I really didn't know what to do for a few months. I felt that I had let the previous generation of entrepreneurs down - that I had dropped the baton as it was being passed to me. I met with David Packard and Bob Noyce and tried to apologize for screwing up so badly. I was a very public failure, and I even thought about running away from the valley. But something slowly began to dawn on me — I still loved what I did. The turn of events at Apple had not changed that one bit. I had been rejected, but I was still in love. And so I decided to start over.

I didn't see it then, but it turned out that getting fired from Apple was the best thing that could have ever happened to me. The heaviness of being successful was replaced by the lightness of being a beginner again, less sure about everything. It freed me to enter one of the most creative periods of my life.

During the next five years, I started a company named NeXT, another company named Pixar, and fell in love with an amazing woman who would become my wife. Pixar went on to create the worlds first computer animated feature film, Toy Story, and is now the most successful animation studio in the world. In a remarkable turn of events, Apple bought NeXT, I retuned to Apple, and the technology we developed at NeXT is at the heart of Apple's current renaissance. And Laurene and I have a wonderful family together.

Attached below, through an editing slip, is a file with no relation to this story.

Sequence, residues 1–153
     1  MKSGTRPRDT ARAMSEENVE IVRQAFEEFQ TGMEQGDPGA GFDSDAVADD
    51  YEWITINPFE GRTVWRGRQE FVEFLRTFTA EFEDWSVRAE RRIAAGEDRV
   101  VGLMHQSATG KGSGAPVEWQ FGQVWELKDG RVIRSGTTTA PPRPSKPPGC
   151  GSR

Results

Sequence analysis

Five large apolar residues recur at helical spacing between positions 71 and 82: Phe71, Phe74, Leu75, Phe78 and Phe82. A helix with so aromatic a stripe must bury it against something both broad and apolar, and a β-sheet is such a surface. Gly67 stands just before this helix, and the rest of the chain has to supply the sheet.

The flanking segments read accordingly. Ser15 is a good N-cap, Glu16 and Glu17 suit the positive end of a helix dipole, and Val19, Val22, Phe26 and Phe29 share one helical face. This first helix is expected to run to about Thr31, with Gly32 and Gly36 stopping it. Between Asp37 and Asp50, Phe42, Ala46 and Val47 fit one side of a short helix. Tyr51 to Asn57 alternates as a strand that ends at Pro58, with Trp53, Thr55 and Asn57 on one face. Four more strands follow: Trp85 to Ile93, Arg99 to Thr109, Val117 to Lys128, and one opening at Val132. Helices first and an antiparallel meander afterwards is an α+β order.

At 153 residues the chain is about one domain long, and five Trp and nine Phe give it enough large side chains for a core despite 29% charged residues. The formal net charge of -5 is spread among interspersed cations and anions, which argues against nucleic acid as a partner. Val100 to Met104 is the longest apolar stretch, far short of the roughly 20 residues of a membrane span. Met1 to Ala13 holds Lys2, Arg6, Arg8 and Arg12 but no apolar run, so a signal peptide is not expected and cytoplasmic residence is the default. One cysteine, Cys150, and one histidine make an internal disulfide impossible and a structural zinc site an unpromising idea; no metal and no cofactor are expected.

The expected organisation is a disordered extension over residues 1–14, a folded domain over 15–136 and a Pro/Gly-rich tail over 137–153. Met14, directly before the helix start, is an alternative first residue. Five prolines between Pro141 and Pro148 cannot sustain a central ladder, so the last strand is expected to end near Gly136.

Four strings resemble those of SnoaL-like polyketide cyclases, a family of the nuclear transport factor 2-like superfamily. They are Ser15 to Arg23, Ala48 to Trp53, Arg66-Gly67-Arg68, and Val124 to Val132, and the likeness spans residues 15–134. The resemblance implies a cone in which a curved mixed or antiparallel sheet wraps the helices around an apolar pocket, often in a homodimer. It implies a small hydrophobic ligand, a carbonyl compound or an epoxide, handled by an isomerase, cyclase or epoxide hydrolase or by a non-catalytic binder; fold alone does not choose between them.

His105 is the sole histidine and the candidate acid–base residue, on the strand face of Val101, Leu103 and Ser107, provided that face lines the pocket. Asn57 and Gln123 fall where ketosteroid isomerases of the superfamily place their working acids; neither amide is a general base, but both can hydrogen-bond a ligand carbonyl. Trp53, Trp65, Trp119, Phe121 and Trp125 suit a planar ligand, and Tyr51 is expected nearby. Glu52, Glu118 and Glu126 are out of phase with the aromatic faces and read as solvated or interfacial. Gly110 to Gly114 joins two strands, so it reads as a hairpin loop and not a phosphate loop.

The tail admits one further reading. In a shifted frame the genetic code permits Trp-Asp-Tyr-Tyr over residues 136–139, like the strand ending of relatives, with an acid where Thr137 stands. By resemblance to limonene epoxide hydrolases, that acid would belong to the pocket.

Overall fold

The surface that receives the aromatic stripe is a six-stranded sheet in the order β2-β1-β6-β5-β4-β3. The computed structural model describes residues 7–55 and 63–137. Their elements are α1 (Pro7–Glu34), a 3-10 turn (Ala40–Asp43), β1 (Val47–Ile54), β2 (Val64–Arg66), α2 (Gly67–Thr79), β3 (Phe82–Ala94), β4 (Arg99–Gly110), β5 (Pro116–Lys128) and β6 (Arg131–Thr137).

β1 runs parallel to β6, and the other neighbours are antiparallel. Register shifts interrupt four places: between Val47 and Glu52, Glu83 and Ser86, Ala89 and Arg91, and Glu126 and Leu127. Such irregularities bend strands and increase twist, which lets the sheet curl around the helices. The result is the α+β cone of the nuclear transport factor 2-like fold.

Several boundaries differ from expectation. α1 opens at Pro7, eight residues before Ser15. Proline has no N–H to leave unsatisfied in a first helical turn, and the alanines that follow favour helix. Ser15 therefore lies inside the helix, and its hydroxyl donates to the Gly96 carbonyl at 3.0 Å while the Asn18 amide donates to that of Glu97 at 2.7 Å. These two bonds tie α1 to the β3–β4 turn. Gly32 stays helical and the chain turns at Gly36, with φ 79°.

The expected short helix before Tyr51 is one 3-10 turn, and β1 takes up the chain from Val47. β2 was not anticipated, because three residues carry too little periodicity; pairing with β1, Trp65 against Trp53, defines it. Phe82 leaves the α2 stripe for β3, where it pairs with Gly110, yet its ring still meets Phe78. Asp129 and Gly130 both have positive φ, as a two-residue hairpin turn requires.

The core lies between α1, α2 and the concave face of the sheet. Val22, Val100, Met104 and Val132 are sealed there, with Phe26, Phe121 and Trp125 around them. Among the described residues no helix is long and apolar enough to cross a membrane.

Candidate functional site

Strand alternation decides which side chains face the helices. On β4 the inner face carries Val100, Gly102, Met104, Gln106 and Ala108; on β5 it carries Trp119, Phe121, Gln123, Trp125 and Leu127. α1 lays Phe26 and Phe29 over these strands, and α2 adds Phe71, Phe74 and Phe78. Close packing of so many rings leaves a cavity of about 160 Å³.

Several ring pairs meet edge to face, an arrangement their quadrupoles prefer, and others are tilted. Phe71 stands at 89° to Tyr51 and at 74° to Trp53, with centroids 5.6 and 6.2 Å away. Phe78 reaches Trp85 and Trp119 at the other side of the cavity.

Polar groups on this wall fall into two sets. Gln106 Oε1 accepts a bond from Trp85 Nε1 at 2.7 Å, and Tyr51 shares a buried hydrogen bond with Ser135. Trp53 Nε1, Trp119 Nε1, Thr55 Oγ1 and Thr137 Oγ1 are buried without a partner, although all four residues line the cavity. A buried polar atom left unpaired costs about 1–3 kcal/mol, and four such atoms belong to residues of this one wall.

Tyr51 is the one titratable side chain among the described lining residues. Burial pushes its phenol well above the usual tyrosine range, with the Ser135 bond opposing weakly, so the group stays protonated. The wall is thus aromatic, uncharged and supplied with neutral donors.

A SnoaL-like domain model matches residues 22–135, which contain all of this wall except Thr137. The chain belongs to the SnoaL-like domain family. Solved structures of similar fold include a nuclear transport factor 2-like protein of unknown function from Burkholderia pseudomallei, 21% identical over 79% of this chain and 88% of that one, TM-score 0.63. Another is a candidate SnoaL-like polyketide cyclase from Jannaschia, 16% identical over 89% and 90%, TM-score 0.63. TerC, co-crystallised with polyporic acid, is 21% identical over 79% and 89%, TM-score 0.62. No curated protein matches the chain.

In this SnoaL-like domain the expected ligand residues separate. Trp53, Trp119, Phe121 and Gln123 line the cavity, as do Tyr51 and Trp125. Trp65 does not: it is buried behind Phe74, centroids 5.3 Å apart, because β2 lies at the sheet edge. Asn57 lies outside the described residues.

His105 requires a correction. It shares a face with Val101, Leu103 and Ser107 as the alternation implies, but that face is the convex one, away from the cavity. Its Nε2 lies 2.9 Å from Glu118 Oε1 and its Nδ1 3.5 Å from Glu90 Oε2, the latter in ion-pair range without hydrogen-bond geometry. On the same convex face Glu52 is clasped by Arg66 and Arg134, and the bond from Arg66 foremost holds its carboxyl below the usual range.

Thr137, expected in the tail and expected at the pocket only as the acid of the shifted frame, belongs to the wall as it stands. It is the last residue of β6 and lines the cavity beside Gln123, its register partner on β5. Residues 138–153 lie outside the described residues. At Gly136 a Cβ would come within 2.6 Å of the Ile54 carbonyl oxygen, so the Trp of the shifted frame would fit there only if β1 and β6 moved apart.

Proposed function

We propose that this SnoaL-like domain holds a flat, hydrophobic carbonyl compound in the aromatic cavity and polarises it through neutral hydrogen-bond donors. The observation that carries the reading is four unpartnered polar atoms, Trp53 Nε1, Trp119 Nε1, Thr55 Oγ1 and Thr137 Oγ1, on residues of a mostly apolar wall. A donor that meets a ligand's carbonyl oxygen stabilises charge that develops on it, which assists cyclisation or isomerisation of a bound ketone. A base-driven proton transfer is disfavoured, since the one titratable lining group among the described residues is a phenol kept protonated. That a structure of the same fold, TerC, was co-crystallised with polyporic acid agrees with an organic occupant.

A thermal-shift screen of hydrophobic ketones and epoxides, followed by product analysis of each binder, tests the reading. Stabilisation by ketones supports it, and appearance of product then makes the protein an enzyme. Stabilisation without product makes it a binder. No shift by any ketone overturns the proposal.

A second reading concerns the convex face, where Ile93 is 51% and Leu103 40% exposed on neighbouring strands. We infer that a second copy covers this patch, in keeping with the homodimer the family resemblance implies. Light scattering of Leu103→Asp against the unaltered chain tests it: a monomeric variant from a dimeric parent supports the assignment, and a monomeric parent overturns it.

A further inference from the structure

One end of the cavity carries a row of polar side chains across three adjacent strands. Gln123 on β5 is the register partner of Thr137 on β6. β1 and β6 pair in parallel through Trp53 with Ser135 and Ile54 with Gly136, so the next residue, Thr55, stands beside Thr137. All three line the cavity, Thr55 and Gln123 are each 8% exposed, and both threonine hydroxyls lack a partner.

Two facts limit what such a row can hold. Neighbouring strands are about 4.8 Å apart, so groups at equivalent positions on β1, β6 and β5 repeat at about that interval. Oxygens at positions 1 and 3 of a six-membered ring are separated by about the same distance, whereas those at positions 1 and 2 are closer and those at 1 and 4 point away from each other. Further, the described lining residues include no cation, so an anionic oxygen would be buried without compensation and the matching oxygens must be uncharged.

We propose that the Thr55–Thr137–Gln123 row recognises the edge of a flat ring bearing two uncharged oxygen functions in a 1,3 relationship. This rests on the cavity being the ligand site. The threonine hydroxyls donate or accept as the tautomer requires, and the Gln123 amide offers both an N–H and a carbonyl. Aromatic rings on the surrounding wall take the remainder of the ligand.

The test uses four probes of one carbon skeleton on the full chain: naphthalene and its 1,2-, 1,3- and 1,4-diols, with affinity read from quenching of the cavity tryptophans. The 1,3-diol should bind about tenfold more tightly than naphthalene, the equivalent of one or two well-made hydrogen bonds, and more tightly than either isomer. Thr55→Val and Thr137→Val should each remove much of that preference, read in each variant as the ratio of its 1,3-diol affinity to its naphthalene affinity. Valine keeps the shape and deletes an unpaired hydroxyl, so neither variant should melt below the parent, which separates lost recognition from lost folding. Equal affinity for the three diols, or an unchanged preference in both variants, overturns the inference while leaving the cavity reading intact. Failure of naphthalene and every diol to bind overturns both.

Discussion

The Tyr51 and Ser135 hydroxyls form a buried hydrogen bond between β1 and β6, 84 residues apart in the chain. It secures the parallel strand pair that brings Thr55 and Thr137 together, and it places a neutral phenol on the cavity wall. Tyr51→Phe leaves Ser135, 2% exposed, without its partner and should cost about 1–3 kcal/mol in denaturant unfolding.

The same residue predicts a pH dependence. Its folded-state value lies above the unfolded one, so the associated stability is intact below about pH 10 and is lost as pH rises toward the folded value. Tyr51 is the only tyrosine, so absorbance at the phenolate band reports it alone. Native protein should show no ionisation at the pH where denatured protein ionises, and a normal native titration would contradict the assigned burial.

I'm pretty sure none of this would have happened if I hadn't been fired from Apple. It was awful tasting medicine, but I guess the patient needed it. Sometimes life hits you in the head with a brick. Don't lose faith. I'm convinced that the only thing that kept me going was that I loved what I did. You've got to find what you love. And that is as true for your work as it is for your lovers. Your work is going to fill a large part of your life, and the only way to be truly satisfied is to do what you believe is great work. And the only way to do great work is to love what you do. If you haven't found it yet, keep looking. Don't settle. As with all matters of the heart, you'll know when you find it. And, like any great relationship, it just gets better and better as the years roll on. So keep looking until you find it. Don't settle.

My third story is about death.

When I was 17, I read a quote that went something like: "If you live each day as if it was your last, someday you'll most certainly be right." It made an impression on me, and since then, for the past 33 years, I have looked in the mirror every morning and asked myself: "If today were the last day of my life, would I want to do what I am about to do today?" And whenever the answer has been "No" for too many days in a row, I know I need to change something.

Remembering that I'll be dead soon is the most important tool I've ever encountered to help me make the big choices in life. Because almost everything — all external expectations, all pride, all fear of embarrassment or failure - these things just fall away in the face of death, leaving only what is truly important. Remembering that you are going to die is the best way I know to avoid the trap of thinking you have something to lose. You are already naked. There is no reason not to follow your heart.